Life on the Edge

 

Undergraduate Research Symposium keynote speaker Alan Rabinowitz explores the world's wildest places

By Gerry Boyle '78
Photography by Wildlife Conservation Society
 

It was a skeleton unlike anything explorer/scientist Alan Rabinowitz had seen before,a tiny primitive deer with canine teeth and inch-long antlers. Rabinowitz, huddled in a village in the remote mountains of northern Myanmar, turned the skull and bones in his hands. "While I was examining all these pieces, a hunter walked right into the village where I was. He was carrying the deer."

This was in 1998, and Rabinowitz, director for science and exploration for the Bronx Zoo-based Wildlife Conservation Society, was venturing into a region long off-limits to foreigners and even to the Myanmar people themselves. His mission was to explore and survey one of the world's last wild places in hopes of protecting the wildlife there. He ended up protecting a species,the shy and diminutive leaf deer,previously unknown to the outside world.

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Explorer and conservationist Alan Rabinowitz, who spoke to student researchers at Colby in May, is shown in a remote area of northern Myanmar. Rabinowitz's work in the area resulted in formation of a national park that is home to many rare species of plants and animals.
"Not only was this a new species," said Rabinowitz, the keynote speaker at the fifth annual Colby Undergraduate Research Symposium in May, "not only is it the most primitive deer in the world but it's the missing link for deer species. It's a living fossil."

The lecture, and the showcasing of Rabinowitz's research accomplishments, offered a benchmark for Colby undergraduates from all disciplines, though the lecture was attended mostly by aspiring scientists. They listened raptly as the renowned explorer explained that the leaf deer was just one of the discoveries he and his Myanmar colleagues made in this rugged region. In this single excursion Rabinowitz, best known for his preservation of jaguar and tiger habitat, found new populations of the endangered red panda and black barking deer. He also came upon the last dozen members of the Taron, a nearly extinct group of Mongolian pygmies.

Now, thanks to Rabinowitz and the Myanmar government, the habitat is protected for indigenous wildlife and humans alike.

This feat, let alone Rabinowitz's career as scientist, explorer and author, might not have been predicted by those who knew him as a child. Hindered by a severe stutter, he was considered developmentally delayed in school in New York. However, he found that he could speak when he was alone with his pets, he said, and would hide away with them in dark closets for hours.

That inauspicious beginning motivated Rabinowitz to be the best student possible (he was high school class valedictorian and went on to earn a doctorate from the University of Tennessee) and to repay a debt to animals, his first friends. "In a way, I wanted to give something back," Rabinowitz said.

#undergraduateresearchers933#left#350#He's done that on a grand scale. His work has resulted in creation of vast sanctuaries for big cats in Belize, Taiwan and Thailand and a wildlife sanctuary in Myanmar that sprawls over 2,500 square miles of mountain wilderness. "Believe it or not, as attractive as it may seem, it's not an easy commitment in life," Rabinowitz said. "We need people to help do it."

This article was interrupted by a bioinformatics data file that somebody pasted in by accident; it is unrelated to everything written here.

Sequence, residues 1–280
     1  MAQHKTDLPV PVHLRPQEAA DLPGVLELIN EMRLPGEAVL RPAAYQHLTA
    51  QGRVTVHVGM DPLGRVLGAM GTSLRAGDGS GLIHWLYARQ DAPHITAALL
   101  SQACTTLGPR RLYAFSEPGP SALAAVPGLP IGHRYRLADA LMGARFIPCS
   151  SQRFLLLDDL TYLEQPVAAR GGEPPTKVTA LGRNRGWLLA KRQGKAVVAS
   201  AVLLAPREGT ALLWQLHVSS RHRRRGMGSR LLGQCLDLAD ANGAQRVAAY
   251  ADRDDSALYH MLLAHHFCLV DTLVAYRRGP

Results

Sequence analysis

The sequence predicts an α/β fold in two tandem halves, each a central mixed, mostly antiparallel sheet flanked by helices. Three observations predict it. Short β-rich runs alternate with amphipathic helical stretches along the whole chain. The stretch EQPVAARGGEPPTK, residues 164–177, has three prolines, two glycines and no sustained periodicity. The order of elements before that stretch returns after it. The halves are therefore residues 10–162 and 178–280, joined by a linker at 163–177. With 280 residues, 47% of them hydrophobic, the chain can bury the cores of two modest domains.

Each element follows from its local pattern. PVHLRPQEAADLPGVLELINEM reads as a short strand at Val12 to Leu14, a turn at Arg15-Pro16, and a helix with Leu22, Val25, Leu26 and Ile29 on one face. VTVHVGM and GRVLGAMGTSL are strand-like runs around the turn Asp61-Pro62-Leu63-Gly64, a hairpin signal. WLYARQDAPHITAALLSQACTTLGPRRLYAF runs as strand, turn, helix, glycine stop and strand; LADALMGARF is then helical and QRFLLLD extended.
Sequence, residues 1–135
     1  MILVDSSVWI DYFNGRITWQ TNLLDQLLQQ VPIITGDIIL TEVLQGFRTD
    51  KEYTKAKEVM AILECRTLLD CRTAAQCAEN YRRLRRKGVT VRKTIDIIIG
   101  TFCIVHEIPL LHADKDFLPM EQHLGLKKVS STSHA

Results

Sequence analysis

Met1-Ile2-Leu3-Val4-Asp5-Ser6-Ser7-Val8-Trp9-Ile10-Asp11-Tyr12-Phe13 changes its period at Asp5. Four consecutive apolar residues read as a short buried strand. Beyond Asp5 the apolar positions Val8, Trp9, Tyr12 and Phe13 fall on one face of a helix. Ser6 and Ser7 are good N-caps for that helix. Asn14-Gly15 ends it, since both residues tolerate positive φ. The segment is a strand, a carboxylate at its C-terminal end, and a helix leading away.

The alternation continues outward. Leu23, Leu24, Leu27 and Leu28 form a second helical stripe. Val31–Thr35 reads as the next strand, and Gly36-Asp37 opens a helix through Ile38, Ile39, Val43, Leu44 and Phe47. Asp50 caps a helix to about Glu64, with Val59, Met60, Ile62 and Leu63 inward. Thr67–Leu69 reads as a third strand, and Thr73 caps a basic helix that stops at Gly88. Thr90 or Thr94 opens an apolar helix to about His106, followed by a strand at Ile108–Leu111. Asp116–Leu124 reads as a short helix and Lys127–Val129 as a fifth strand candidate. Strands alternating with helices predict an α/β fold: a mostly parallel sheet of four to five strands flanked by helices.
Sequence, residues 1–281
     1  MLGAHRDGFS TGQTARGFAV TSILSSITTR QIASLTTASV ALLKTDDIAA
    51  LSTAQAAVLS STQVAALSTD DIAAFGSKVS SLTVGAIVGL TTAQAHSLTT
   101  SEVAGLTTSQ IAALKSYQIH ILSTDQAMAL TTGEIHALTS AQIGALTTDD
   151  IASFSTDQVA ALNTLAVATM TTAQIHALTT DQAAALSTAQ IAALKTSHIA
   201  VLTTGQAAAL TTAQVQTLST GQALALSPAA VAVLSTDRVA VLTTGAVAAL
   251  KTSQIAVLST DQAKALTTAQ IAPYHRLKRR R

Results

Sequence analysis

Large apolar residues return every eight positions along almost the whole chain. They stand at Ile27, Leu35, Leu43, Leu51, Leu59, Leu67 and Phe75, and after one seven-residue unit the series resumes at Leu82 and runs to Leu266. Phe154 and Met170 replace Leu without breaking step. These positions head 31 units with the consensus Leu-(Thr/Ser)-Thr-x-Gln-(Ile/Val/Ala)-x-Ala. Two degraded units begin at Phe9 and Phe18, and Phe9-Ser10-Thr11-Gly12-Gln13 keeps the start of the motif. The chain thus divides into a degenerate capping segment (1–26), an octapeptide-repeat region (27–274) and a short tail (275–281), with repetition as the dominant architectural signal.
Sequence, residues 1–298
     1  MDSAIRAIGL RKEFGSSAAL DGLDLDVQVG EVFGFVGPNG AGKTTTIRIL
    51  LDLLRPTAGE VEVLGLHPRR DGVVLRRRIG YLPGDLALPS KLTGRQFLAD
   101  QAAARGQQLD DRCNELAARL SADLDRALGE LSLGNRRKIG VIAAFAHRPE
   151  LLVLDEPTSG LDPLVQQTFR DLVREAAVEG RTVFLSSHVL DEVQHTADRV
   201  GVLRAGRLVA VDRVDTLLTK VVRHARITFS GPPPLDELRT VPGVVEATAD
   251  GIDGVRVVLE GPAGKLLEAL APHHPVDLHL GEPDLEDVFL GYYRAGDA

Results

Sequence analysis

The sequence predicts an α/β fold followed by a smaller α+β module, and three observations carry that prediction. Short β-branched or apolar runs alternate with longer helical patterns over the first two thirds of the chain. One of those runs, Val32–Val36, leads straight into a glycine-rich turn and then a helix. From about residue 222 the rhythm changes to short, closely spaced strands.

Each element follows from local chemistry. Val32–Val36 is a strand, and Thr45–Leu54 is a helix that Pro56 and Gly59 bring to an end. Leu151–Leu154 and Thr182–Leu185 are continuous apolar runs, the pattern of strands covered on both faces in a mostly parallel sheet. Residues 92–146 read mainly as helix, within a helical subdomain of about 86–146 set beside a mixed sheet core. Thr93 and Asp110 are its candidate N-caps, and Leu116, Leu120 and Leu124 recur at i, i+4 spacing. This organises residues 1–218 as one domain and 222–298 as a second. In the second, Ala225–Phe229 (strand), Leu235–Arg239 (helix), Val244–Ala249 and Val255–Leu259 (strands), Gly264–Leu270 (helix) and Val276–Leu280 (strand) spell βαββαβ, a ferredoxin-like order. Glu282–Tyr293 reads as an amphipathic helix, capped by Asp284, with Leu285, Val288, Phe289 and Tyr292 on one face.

Potential recruits at Colby listened as Rabinowitz narrated a slide show of his Myanmar trip into a forbidding region bordering China. Rabinowitz said he ultimately learned most about the region's wildlife not from exploring the forests but by spending time in remote villages. "What was a godsend to me was that the local people, after they made a kill, believed they needed to hang it on the wall on their hut with the other skulls. . . . This was great because this allowed me to clearly see everything that they were killing." Species included the leaf deer and others that were being killed for food and to be used as barter with Chinese traders who sought parts of the animals for medicinal use. Parts of some of the most rare animals in the world were being traded for the most sought-after commodity in the region,salt.

"I said, 'Perfect,'" Rabinowitz recalled. "'This is great because people are not killing animals for TV sets or for DVDs or gold chains.' That gave me a whole basis for a management strategy."

The strategy, since implemented, involved providing salt (at a cost of less than $1,000 a year) for people in the region if they agreed to hunt animals only for food. Rabinowitz said the local people agreed, though they had no concept of a wildlife preserve. "What they did understand is that they were doing more hunting than they would have liked," he said. "They would have liked staying home with their wife."

Wildlife managers provide salt and also modern medicines sorely needed in the region. Local residents continue to live in the protected area, hunting for their own sustenance. Endangered animal populations are stabilizing, said Rabinowitz, who described the Myanmar project as one of the best things he's done in his life. "It's very unusual in the field of conservation to find a situation where you have local people and wildlife living as they have for generations, and you can really make it so both benefit," he said. "It's working. It's working right now."